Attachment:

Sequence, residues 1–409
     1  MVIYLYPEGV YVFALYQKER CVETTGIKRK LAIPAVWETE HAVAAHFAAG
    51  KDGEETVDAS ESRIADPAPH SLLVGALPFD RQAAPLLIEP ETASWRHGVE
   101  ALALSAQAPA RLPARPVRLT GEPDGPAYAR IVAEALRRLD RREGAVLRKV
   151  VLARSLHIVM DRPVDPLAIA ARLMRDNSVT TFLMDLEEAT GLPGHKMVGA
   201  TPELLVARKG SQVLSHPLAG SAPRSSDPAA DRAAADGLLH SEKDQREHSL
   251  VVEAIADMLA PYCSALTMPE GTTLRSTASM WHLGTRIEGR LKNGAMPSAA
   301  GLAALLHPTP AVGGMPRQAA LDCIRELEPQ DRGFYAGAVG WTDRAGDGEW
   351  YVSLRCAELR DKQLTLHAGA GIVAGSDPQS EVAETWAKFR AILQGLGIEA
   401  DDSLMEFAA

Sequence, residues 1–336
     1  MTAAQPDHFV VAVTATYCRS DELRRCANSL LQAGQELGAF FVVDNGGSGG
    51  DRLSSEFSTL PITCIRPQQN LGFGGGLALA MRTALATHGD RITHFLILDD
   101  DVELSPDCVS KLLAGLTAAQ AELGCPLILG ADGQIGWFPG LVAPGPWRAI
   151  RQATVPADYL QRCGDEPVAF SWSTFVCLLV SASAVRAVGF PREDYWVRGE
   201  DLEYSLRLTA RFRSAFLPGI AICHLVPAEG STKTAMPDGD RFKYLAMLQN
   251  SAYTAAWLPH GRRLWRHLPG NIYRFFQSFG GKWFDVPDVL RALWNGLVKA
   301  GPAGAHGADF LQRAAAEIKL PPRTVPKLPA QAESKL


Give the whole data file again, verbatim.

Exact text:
Sequence, residues 1–409
     1  MVIYLYPEGV YVFALYQKER CVETTGIKRK LAIPAVWETE HAVAAHFAAG
    51  KDGEETVDAS ESRIADPAPH SLLVGALPFD RQAAPLLIEP ETASWRHGVE
   101  ALALSAQAPA RLPARPVRLT GEPDGPAYAR IVAEALRRLD RREGAVLRKV
   151  VLARSLHIVM DRPVDPLAIA ARLMRDNSVT TFLMDLEEAT GLPGHKMVGA
   201  TPELLVARKG SQVLSHPLAG SAPRSSDPAA DRAAADGLLH SEKDQREHSL
   251  VVEAIADMLA PYCSALTMPE GTTLRSTASM WHLGTRIEGR LKNGAMPSAA
   301  GLAALLHPTP AVGGMPRQAA LDCIRELEPQ DRGFYAGAVG WTDRAGDGEW
   351  YVSLRCAELR DKQLTLHAGA GIVAGSDPQS EVAETWAKFR AILQGLGIEA
   401  DDSLMEFAA

Sequence, residues 1–336
     1  MTAAQPDHFV VAVTATYCRS DELRRCANSL LQAGQELGAF FVVDNGGSGG
    51  DRLSSEFSTL PITCIRPQQN LGFGGGLALA MRTALATHGD RITHFLILDD
   101  DVELSPDCVS KLLAGLTAAQ AELGCPLILG ADGQIGWFPG LVAPGPWRAI
   151  RQATVPADYL QRCGDEPVAF SWSTFVCLLV SASAVRAVGF PREDYWVRGE
   201  DLEYSLRLTA RFRSAFLPGI AICHLVPAEG STKTAMPDGD RFKYLAMLQN
   251  SAYTAAWLPH GRRLWRHLPG NIYRFFQSFG GKWFDVPDVL RALWNGLVKA
   301  GPAGAHGADF LQRAAAEIKL PPRTVPKLPA QAESKL